BERLIN (CNS) — The president of the Commission of the Bishops’ Conferences of the European Union said he believes the current church teaching on homosexuality is wrong, not based in science.
In an interview with the German Catholic news agency KNA, Cardinal Jean-Claude Hollerich of Luxembourg also said if he were Cologne Cardinal Rainer Maria Woelki, he would tender his resignation, but the cardinal “is a good Christian, and he will certainly find the right way for himself.”
Cardinal Hollerich spoke to KNA about the public campaign by more than 100 Catholic Church employees who recently outed themselves as queer in Germany. Queer is a collective term for people who are not heterosexual and whose sense of personal identity and gender does not correspond with their birth sex.
“I believe that the sociological-scientific foundation of this teaching is no longer correct,” Cardinal Hollerich told KNA. He said it was time for a fundamental revision, and the way Pope Francis had spoken about homosexuality in the past could lead to a change in doctrine.
Catholic teaching states that “homosexual acts are intrinsically disordered.” According to the Catechism of the Catholic Church (nos. 2357-2359), such acts “are contrary to the natural law. They close the sexual act to the gift of life. They do not proceed from a genuine affective and sexual complementarity. Under no circumstances can they be approved.”
It also teaches that men and women with an inclination toward homosexuality “must be accepted with respect, compassion, and sensitivity. Every sign of unjust discrimination in their regard should be avoided.”
“What was condemned in the past was sodomy,” Cardinal Hollerich said. “At that time, it was thought that the whole child was contained in the sperm of the man, and that was simply transferred to homosexual men. But there is no homosexuality in the New Testament. There is only the mention of homosexual acts, which were partly pagan ritual acts. That was, of course, forbidden. I think it is time for a fundamental revision of the doctrine.”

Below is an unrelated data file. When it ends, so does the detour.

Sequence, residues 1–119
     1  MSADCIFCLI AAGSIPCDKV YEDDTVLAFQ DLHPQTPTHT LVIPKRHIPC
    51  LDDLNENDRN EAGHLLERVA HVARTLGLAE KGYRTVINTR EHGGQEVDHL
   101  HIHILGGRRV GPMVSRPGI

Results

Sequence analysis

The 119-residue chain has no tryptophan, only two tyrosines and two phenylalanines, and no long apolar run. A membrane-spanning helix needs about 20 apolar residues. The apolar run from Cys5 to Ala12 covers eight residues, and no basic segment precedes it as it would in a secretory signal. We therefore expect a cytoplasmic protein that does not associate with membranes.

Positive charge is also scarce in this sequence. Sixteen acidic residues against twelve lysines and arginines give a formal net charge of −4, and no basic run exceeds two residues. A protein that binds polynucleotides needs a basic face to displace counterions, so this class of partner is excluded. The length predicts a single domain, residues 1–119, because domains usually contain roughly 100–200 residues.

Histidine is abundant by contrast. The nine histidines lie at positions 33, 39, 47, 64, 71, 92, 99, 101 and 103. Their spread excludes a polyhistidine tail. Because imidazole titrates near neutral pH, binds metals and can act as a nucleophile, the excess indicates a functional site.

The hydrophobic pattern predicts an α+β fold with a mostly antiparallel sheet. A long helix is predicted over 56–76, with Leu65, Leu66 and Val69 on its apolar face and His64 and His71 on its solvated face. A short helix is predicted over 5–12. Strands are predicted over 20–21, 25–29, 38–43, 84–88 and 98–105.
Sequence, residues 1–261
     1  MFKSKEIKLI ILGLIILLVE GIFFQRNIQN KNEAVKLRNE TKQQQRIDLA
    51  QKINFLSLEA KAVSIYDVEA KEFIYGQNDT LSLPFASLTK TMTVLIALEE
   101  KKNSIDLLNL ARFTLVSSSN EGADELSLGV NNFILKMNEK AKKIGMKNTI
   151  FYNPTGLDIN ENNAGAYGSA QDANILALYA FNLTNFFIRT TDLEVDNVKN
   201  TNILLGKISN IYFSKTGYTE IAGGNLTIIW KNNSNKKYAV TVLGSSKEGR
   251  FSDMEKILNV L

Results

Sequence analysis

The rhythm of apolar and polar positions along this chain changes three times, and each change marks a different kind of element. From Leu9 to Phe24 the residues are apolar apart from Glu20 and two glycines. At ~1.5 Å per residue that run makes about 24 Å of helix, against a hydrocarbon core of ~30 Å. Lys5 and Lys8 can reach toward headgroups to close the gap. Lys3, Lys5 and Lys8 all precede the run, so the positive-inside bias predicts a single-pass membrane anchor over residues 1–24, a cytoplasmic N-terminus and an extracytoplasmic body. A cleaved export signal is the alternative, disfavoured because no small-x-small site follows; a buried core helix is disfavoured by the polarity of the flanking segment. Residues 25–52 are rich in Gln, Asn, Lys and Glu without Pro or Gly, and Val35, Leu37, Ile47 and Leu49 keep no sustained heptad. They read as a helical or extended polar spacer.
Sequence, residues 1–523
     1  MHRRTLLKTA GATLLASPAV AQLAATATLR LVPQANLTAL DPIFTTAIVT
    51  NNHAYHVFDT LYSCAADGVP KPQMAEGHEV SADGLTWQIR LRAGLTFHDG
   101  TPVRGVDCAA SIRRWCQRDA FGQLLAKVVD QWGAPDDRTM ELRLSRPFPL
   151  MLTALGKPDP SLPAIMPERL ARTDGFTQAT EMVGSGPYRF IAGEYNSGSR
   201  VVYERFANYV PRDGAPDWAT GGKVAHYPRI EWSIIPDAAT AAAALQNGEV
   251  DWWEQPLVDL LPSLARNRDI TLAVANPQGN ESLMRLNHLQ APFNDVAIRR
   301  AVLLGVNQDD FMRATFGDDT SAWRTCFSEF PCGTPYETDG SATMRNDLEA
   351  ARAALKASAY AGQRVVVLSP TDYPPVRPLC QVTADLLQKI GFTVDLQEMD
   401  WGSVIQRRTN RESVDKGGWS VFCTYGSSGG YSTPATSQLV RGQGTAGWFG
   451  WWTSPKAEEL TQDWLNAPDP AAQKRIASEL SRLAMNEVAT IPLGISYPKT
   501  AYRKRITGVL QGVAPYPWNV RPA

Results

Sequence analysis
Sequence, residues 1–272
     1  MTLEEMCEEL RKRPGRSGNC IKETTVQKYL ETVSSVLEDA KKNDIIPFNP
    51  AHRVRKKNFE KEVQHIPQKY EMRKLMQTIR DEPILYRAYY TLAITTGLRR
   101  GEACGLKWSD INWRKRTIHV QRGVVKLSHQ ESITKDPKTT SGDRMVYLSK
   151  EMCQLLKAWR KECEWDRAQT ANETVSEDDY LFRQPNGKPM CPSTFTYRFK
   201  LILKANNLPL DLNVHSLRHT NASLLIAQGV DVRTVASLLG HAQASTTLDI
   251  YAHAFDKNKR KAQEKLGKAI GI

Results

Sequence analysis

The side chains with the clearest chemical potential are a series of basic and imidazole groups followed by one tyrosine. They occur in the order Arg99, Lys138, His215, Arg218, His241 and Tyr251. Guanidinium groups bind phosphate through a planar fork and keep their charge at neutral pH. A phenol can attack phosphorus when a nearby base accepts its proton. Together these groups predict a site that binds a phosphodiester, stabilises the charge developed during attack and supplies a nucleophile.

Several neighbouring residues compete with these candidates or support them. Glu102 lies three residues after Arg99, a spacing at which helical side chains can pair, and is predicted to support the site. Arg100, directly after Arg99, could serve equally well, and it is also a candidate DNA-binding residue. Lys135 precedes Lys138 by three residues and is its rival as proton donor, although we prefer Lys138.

The cardinal said it was important for the church to remain human. He added that he knew of homosexual priests and laypeople in the Archdiocese of Luxembourg. “And they know that they have a home in the church. With us, no one is dismissed because they are homosexual, with us no one has ever been dismissed because of that.”
Divorced and remarried people were also employees of the church in the Archdiocese of Luxembourg, he said. “I can’t kick them out. They would become unemployed. How can such a thing be Christian?”
Cardinal Hollerich also spoke to KNA about Cardinal Woelki, who is currently on sabbatical until March following criticism of his handling of clerical abuse cases in the Cologne Archdiocese.
“It seems that the archbishop is no longer welcome in his diocese among a large majority,” Cardinal Hollerich told KNA. “If that’s what happened to me, I would tender my resignation.”
He said it was true that Cardinal Woelki had not brought any blame on himself in the reappraisal of abuse cases and that he had devoted himself intensely to the issue.
“But he has very poor communication,” Cardinal Hollerich said, adding that he knew and appreciated Cardinal Woelki.
He said if he were in Cardinal Woelki’s position, he would “go to a parish somewhere. A student community, for example. As a Christian, I don’t have to be at the top to live my faith.”
The Luxembourg cardinal criticized his Cologne colleague for not allowing the first abuse report he commissioned to be published.
“You can’t do that in the digital age,” he said. Cardinal Woelki had justified his decision based on “methodological deficiencies” in the investigation and commissioned a new legal report.
Cardinal Hollerich also said it was “difficult” when the costs of legal reports exceeded the payments made to victims. “In that case something is wrong.”
According to the Archdiocese of Cologne, Cardinal Woelki spent around 2.8 million euros from 2019 to 2021 on legal experts, media lawyers and communication consultants as part of the reappraisal of abuse. Since 2010, about 1.5 million euros has been paid to victims of clerical abuse in recognition of their suffering.
The current interim administrator of the archdiocese, Cologne Auxiliary Bishop Rolf Steinhäuser, ordered a review of the contracts because church committees may have been ignored in the process of awarding them.
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